Every year, the Disability Alliance and associated Disability Caucus are asked to participate with other groups in disability awareness events that feature disability simulation. To put it simply, we do not participate in disability simulation because we believe that simulations don’t actually work in the way they are intended – and people should just listen to what disabled people have to say and trust them about their experiences (instead of trying to pretend to be them for a day).
Many studies bear out the negative consequence of disability simulation exercises, and we urge other organizations not to host these events, and we urge community members not to participate in these events.
Robin Eames compiled this Twitter thread on social science articles about the negative impacts of disability simulation. One article mentioned that DAC leadership recommends is “Crip for a Day: The Unintended Negative Consequences of Disability Simulation.”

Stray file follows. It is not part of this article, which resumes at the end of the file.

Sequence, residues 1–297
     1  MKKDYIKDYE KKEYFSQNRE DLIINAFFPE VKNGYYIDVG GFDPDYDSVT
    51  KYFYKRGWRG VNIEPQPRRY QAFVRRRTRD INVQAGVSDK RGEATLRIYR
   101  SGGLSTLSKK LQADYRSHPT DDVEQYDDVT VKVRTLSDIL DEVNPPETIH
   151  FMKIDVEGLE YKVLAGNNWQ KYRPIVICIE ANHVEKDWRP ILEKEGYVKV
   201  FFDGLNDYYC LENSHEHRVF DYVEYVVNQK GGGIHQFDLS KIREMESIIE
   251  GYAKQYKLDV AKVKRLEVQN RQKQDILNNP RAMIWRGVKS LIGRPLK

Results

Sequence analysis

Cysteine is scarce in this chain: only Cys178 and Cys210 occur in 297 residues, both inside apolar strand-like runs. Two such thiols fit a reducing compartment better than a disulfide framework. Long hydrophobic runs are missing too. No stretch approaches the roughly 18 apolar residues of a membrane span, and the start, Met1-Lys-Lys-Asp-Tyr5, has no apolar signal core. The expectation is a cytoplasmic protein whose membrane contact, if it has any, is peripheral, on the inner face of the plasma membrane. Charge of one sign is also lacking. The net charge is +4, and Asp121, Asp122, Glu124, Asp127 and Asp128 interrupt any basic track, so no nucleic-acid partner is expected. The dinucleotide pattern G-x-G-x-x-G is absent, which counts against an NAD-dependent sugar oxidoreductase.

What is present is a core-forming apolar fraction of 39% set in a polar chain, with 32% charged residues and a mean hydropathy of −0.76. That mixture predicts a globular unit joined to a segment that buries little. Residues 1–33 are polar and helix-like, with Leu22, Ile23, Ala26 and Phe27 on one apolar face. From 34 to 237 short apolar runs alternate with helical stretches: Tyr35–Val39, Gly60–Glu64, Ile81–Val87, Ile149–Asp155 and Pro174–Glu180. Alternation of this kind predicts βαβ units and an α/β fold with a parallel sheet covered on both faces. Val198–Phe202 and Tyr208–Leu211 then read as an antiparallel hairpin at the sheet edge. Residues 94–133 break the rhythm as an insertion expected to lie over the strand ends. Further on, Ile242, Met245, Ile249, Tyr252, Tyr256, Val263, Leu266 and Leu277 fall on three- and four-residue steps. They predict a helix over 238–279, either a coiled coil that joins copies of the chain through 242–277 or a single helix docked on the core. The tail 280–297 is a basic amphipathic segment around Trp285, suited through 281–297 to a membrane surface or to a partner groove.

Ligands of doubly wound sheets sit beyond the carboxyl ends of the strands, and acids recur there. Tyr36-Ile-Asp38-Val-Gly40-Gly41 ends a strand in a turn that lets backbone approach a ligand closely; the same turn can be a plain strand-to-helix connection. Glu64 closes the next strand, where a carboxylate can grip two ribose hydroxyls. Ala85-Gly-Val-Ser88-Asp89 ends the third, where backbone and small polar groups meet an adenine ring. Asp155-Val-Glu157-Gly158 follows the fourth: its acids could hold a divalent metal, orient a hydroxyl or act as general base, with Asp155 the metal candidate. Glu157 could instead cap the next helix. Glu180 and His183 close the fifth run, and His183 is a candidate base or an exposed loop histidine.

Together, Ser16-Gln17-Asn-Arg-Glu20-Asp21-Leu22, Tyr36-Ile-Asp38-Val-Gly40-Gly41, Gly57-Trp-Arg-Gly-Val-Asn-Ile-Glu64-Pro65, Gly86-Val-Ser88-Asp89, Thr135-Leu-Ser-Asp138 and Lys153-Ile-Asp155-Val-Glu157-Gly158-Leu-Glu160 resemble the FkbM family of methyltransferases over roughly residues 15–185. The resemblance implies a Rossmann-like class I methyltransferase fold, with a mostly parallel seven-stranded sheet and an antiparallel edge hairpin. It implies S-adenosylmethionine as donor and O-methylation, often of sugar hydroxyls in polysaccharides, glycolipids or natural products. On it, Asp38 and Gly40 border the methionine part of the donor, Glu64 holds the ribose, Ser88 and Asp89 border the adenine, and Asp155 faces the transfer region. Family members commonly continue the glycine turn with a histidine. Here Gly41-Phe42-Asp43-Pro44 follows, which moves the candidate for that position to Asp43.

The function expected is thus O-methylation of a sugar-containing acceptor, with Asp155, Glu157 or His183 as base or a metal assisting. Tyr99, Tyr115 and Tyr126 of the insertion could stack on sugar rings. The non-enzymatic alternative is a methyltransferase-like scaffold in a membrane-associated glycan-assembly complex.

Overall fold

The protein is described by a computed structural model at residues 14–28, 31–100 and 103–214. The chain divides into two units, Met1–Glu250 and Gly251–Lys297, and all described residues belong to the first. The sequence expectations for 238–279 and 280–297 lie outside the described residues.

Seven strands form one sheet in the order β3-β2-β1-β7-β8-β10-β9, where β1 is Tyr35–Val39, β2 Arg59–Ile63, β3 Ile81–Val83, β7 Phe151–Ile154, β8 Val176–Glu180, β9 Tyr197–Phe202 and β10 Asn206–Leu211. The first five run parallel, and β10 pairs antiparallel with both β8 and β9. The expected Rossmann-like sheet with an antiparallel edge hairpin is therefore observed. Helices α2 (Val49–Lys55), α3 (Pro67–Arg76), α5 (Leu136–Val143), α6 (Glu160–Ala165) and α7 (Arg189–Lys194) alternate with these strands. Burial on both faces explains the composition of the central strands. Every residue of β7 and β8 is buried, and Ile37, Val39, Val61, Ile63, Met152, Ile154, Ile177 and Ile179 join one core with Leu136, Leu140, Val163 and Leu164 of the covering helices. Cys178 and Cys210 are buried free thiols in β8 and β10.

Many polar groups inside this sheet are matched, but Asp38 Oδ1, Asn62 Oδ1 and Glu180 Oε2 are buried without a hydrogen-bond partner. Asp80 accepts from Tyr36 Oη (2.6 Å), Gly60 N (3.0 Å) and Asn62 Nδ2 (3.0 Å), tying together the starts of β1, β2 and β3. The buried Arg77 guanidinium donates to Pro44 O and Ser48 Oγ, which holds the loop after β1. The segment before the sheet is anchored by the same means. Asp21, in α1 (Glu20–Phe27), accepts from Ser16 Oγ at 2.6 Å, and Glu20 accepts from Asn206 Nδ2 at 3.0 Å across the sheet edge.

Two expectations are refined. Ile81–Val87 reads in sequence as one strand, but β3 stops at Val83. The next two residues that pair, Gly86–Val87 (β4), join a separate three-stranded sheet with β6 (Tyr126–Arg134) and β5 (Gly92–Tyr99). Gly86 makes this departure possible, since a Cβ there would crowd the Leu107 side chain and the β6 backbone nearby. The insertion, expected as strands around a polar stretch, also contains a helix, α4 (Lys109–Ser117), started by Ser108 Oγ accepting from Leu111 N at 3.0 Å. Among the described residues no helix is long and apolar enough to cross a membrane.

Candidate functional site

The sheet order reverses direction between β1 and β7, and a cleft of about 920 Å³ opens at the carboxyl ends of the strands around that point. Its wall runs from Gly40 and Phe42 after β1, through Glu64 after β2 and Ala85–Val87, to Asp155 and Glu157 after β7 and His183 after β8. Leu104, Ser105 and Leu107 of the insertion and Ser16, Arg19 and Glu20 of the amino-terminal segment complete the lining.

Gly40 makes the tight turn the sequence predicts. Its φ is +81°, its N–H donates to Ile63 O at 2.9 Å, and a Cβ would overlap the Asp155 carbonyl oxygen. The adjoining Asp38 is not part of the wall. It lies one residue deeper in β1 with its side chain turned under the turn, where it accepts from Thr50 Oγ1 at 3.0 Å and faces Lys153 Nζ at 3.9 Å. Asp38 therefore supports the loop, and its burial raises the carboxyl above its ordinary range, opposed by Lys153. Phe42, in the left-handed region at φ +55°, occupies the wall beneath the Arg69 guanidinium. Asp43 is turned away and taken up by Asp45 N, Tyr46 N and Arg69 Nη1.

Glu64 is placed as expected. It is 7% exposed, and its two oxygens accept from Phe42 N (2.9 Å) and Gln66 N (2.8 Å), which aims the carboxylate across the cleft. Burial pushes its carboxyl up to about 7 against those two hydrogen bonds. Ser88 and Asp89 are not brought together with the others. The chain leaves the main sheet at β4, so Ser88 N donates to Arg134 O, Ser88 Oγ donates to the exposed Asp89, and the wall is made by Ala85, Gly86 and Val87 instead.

Many disabled writers and activists have also written about how disability simulation is harmful and insulting: why not just take disabled people for our words when it comes to what spaces and designs are accessible or not? There are few other categories of minority identity simulation that people would find acceptable (and they certainly wouldn’t mistake such simulation for authentic experience!!!).
We know these exercises are intended for good/awareness/understanding, but they often promote just the opposite. A few hours in a device or with a disability device is so different from everyday lived experience, and contributes to more negative feelings about disability – rather than promoting trust in community members or really listening to and learning from actual disabled people.